Several hundred years later, the myth of Prometheus by Hesiod (8th century BC) and Plato (4th century BC) depicted many of the themes central to transhumanism. Prometheus helped humanity by stealing fire, wisdom, and other technologies from the gods. Similarly: “Transhumanists believe that we can and should take control of our nature, and cross our ‘natural boundaries,’” writes Trijsje Franssen in Prometheus Redivivus, “for it will make us become healthier, more intelligent, prettier, and happier.” When scientists talk about helping humanity overcome natural human ailments and shortcomings, they are channeling the myth of Prometheus.

In modern times, several prominent transhumanists have explicitly linked occult practices to their transhumanist goals. For example, Jack Parson, founder of America’s rocket program, was deeply involved in the occult religion Thelema. Parsons had a distinct vision for bringing about the next step in evolution for humanity. He described his vision in occultish terms, but his goals directly aligned with transhumanism.

The Future of Reason

If you take one glance at The Satanic Temple’s website, you realize they’re not shy about promoting clichéd satanic symbols. Images of Baphomet, hexagons, skulls… Although there is some humor and shock value to these images, The Satanic Temple fully embraces Satan as a symbolic champion of reason and an antagonist of superstition. Their website explains:

“Satan is a symbol of the Eternal Rebel in opposition to arbitrary authority, forever defending personal sovereignty even in the face of insurmountable odds. … Satanism provides all that a religion should be without a compulsory attachment to untenable items of faith-based belief. It provides a narrative structure by which we contextualize our lives and works. It also provides a body of symbolism and religious practice — a sense of identity, culture, community, and shared values.”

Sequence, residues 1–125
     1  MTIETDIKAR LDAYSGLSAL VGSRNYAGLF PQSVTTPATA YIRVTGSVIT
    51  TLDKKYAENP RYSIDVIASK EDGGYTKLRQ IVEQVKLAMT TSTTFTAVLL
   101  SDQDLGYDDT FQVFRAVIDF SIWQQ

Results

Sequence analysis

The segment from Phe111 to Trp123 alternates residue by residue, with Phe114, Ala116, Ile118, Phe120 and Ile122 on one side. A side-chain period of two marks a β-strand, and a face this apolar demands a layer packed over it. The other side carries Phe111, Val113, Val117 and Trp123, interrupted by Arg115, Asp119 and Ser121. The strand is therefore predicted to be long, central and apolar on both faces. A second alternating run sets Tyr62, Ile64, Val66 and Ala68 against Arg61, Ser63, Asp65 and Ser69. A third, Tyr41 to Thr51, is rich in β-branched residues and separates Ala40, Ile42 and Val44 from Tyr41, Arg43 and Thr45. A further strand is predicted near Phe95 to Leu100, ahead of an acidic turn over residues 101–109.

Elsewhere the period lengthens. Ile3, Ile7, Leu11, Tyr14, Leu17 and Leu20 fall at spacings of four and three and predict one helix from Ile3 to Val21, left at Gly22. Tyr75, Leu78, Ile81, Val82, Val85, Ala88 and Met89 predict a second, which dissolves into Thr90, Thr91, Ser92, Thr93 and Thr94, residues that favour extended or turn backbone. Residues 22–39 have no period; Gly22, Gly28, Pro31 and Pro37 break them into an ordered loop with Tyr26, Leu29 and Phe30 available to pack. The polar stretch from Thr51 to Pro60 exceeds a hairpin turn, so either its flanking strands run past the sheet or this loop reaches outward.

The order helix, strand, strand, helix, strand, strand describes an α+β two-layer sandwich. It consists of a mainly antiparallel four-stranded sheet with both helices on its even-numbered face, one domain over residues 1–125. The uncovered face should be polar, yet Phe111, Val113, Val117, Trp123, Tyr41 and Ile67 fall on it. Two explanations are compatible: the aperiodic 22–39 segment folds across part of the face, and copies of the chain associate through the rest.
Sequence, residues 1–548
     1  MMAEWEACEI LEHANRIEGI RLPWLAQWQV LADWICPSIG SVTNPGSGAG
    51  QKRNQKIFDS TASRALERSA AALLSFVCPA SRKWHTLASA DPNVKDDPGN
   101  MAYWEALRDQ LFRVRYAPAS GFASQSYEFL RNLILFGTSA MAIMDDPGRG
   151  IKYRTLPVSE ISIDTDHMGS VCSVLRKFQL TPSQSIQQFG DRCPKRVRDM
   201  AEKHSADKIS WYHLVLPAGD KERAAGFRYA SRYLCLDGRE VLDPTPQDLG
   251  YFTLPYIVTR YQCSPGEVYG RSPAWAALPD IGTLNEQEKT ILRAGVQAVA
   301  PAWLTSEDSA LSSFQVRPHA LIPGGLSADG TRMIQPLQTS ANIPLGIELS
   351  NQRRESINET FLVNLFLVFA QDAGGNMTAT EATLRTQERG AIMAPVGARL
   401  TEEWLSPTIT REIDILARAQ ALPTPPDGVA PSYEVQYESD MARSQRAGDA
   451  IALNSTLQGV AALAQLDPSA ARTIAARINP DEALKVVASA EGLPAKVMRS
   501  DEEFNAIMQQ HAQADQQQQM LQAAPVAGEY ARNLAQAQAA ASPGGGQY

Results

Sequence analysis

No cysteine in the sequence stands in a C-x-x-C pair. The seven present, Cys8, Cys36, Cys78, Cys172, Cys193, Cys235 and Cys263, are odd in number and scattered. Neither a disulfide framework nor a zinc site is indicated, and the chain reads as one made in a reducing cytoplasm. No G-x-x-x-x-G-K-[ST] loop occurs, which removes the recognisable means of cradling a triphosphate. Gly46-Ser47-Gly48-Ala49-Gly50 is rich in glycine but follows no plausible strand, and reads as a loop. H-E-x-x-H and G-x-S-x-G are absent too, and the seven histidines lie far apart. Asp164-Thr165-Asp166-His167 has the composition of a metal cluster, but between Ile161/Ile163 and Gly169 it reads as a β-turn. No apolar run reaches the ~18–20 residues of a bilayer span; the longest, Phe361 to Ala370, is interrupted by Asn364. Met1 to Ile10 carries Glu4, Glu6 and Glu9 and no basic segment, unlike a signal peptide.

Max More, a leader in the transhumanist movement, understood this completely. In his essay “In Praise of the Devil,” he writes: “The Devil — Lucifer — is a force for good. … Lucifer is the embodiment of reason, of intelligence, of critical thought. He stands against the dogma of God and all other dogmas. He stands for the exploration of new ideas and new perspectives in the pursuit of truth.”

The name “Lucifer” means “light-bringer,” which, More says, “should begin to clue us in to his symbolic importance.” To More, the fictional character of Lucifer doesn’t just represent a symbolic force for good, but is also a force for rationality, the virtue of pleasure, and the virtue of selfishness. Also, unlike God, who insists that we achieve redemption through faith and obedience, Lucifer encourages us to take personal responsibility for our fate.

Together, transhumanism and Satanism have much to offer our culture, which is entrenched with pessimism and dogmatism. By embracing transhumanism, which ultimately seeks to move beyond biological shortcomings and overcome death, we can become more hopeful and optimistic for the future of humanity. And by embracing the general tenets and symbolic lessons from Satanism, we can abandon the superstitions and ignorance-based dogmas of the past.

Consider Tenet Five from the Satanic Temple: “Beliefs should conform to one’s best scientific understanding of the world. One should take care never to distort scientific facts to fit one’s beliefs.”

There is, perhaps, no better instruction for living a life of reason. Combine this with the transhumanist agenda, and you very well might have the recipe for the future of reason. Should you also adopt the symbolism of Satanism and embrace full-on “Satanic transhumanism”? I can’t imagine that this is a necessary advancement to the transhumanist movement, but it makes a hell of a lot more sense than Christian transhumanism.

Author of “The Singularity Survival Guide” and Editor at Read more at Follow me on Twitter @HeyPeterClarke